Mainstream

Home > 2021 > Vinoba Bhave - Apostle of Peace - His relevance today | B P (...)

Mainstream, VOL LIX No 35, New Delhi, August 14, 2021

Vinoba Bhave - Apostle of Peace - His relevance today | B P Mathur

Friday 13 August 2021, by B P Mathur

India’s ancient culture is deeply embedded in spiritual values and cherishes humanistic values such as non-violence, truth, compassion, sharing and service to fellow human beings. Under the leadership of Mahatma Gandhi, India won freedom from British rule, on the strength of her ancient values of ahimsa and satya- non-violence and truth. One of the most ardent disciple of Mahatma Gandhi, who practiced his philosophy in letter and spirit was Vinoba Bhave. Leading an ascetic life of a sanyasi, he devoted his entire life in practical implementation of Gandhiji’s concept of rejuvenation of villages and upliftment of the downtrodden masses. Today, under the influence of materialist ideology of the West, India has bid good bye to the basic philosophy of Gandhi and Vinoba. Does it mean that they are irrelevant? Presently the world is witnessing widespread violence, terrorism, hatred, cut throat competition and survival of the fittest. The race among nations to arm themselves with nuclear bomb, coupled with merciless exploitation of natural resources is threatening the very existence of life on planet earth. This essay portrays the life of a great savant of modern India, Vinoba Bhave, who like Mahatma Gandhi, offers hope and optimism for a better tomorrow, to a troubled humanity intent on self-destruction.

Vinoba a true disciple of Gandhi, excelled even his Guru. Soon after he joined the ashram in 1916, Gandhiji told Vinoba, ‘Your love and character overwhelm me.’ In a letter to C F Andrews, soon after he joined the ashram, Gandhiji described Vinoba in following words, ‘ He is one of the few pearls of the ashram. They do not come like others to be blessed by the Ashram but to bless it, not to receive but to give’. (Narayan, p 4) Vinoba embraced Gandhiji as his father and Gandhiji reciprocated in full measure by treating him as his son. In a letter to Vinoba in 1918, Gandhiji wrote, ‘ In my view a father is in fact, a father who has a son who surpasses him in virtue. This is what you have made yourself.’( Narayan, p 51)

 In October 1940, Gandhi Ji launched an individual satyagraha movement, unlike his usual mass civil disobedience movement, to express his opposition to British government for dragging India in the Second World War, without seeking the consent of the nation. He chose Vinoba as the first satyagrahi. Vinoba, hitherto unknown, Gandhiji introduced him by issuing a long statement and stated, “ his devotion to daridranarayan has taken him to work in a village near Wardha. He believes that the real independence of the villages is impossible without the constructive programme of which khadi is the centre. He believes that the spinning wheel is the most suitable outward symbol of the non-violence which has become an integral part of the previous satyagraha campaign...He has abolished every trace of untouchability from his heart. He believes in the communal unity with the same passion that I have... In order to know the best mind of Islam, he gave one year to the study of the Koran in original. He therefore learned Arabic. ” ( Narayan, p 3).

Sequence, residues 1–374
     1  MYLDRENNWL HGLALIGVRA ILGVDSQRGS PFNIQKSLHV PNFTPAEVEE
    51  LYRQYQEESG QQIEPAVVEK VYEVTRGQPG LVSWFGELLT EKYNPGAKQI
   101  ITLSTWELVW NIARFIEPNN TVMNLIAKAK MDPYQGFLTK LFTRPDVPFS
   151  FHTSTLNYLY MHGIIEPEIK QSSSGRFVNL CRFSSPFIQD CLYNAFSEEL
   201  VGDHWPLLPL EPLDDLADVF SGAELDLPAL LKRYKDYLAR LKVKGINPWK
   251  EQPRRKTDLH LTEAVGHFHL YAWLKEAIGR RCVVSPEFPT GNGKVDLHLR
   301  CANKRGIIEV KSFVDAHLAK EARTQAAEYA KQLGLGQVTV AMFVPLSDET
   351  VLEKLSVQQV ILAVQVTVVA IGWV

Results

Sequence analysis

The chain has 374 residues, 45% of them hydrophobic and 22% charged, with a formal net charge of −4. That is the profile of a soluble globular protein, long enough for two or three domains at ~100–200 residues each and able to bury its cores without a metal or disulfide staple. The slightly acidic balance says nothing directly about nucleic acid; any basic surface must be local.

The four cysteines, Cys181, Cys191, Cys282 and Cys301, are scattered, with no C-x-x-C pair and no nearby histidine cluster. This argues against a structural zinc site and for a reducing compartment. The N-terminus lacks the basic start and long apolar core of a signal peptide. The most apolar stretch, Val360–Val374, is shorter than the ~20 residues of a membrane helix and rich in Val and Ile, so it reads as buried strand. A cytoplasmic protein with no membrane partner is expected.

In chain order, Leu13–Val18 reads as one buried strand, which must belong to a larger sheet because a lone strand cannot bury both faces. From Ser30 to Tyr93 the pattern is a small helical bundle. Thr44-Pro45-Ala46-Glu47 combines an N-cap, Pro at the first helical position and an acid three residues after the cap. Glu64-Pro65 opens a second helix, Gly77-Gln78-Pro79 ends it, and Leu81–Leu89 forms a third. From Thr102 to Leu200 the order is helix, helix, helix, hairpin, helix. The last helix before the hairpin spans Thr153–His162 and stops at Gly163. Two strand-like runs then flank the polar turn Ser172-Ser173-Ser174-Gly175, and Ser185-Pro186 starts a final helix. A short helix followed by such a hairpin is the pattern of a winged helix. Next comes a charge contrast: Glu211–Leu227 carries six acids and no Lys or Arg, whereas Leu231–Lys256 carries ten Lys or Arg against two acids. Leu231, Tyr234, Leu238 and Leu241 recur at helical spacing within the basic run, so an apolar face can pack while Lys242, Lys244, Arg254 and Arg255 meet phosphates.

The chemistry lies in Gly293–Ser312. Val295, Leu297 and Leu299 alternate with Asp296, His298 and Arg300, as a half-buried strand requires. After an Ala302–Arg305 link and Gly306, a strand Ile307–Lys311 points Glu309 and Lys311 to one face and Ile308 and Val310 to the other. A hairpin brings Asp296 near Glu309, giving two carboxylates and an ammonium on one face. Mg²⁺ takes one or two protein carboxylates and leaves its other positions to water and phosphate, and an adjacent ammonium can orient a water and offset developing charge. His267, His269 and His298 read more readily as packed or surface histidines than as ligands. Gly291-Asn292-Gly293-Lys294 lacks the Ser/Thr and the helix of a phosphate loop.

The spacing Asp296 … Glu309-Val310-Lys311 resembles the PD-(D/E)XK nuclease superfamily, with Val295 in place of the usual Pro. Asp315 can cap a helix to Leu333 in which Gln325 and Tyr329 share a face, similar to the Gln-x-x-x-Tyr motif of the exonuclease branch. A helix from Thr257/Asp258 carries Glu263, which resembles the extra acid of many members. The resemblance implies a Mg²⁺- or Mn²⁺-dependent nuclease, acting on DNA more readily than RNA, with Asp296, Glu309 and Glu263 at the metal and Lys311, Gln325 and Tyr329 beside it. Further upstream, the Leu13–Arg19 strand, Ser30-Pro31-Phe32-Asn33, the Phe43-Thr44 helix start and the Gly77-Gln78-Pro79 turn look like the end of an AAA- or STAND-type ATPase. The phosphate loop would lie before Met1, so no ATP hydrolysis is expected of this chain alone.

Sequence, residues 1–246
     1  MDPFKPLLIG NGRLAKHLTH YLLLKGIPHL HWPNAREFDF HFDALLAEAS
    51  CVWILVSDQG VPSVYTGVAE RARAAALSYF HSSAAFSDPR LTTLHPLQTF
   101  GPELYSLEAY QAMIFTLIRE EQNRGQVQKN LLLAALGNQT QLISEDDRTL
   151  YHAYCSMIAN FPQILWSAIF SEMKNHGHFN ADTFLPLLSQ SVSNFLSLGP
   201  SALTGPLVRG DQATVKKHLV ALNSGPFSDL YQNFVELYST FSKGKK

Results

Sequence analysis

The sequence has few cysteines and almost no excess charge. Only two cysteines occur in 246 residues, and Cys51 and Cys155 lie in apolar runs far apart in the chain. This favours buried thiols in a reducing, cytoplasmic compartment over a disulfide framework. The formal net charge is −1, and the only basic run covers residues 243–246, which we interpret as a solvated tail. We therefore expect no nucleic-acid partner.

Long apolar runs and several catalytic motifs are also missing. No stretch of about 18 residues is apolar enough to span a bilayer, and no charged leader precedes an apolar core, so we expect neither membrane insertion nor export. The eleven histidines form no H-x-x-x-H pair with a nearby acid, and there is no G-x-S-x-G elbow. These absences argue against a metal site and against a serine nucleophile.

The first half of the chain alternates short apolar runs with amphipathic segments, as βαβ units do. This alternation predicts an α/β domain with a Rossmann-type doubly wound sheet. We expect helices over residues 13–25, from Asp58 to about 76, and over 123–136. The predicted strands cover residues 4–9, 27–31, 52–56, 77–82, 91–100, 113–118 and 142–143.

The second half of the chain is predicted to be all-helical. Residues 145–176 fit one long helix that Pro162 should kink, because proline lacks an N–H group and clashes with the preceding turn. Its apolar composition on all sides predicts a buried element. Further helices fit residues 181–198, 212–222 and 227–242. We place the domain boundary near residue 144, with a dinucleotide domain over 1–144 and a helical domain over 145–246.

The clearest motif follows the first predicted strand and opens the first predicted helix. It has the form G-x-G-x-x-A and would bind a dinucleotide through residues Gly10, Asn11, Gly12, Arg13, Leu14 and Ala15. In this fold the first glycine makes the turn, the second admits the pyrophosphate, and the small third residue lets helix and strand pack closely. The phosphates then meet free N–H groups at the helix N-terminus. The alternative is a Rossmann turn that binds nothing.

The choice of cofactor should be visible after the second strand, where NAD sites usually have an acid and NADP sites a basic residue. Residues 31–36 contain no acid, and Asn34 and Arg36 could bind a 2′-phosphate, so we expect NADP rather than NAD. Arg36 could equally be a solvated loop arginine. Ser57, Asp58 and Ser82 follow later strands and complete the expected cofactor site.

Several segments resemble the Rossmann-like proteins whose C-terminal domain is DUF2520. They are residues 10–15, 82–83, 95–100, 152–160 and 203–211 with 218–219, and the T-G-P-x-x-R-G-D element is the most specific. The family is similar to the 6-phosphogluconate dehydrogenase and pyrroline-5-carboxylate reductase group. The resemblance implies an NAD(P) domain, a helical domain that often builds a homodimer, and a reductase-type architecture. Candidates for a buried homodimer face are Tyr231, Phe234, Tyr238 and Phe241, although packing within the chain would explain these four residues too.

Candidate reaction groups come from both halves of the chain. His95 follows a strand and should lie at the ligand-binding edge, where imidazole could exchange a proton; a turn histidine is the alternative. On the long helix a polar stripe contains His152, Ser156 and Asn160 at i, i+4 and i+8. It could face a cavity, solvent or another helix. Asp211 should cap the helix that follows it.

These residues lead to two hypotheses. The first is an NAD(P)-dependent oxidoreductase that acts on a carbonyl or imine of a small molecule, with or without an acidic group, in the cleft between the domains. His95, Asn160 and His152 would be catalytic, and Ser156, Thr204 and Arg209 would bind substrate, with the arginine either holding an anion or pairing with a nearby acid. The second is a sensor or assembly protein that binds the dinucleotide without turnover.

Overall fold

Early Life

Vinoba Bhave was born in a brahmin family on 11th September 1895, in a small township Gagode, which was part of erstwhile princely estate of Baroda, now in Kolaba district of Maharashtra. Vinayak, as he was known in childhood, spent his early years in his ancestral home at Gagode and was greatly influenced by his grand-father Shambhurao, who was a deeply religious person possessing modern outlook and believed in religious tolerance and social reform. Vinoba’s father Narharirao worked in Baroda. He was a textile technologist, possessed scientific outlook and experimented with dyes and colours. When Vinoba was around nine years, he moved to Baroda along with his mother and was admitted in a local school. He excelled in studies and always stood first. Mathematics was his favourite subject and he loved teaching it. With his scholastic temperament, he would sit in a local Library for hours and devour books. Vinoba’s mother was a very religious and pious lady and had a decisive influence on him to lead a saintly life. She remembered numerous Marathi bhajans by heart and would sing them with great devotion, while engaged in house-hold work. Setting her own example, she taught Vinoba the most important lesson of his life, “ First give food and then eat. Whosoever gives is God, and who does not share is devil’. ( Ahimsa, p 31). This lesson inspired Vinoba, later to launch his famous bhoodan movement. Vinoba observes, “Gita, my mother and spinning wheel are three pillars of my life, the entire Vishnu Sahastram is contained in these three.” (Ahimsa, p 21).